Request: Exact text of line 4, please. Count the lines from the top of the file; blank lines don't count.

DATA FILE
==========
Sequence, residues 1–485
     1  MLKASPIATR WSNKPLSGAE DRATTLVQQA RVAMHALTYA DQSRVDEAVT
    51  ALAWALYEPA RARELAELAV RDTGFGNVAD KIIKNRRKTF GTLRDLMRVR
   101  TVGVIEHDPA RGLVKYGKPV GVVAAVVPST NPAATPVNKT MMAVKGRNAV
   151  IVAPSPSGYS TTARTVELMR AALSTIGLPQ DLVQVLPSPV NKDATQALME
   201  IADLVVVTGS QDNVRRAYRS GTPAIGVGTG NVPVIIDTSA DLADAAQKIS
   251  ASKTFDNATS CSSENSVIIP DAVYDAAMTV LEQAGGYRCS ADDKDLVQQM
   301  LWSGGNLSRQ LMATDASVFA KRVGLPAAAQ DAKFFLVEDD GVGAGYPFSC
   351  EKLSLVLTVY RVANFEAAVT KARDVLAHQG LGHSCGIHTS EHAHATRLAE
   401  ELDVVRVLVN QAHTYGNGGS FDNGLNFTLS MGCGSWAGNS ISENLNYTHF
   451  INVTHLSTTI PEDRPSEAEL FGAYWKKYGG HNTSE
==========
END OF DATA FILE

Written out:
   101  TVGVIEHDPA RGLVKYGKPV GVVAAVVPST NPAATPVNKT MMAVKGRNAV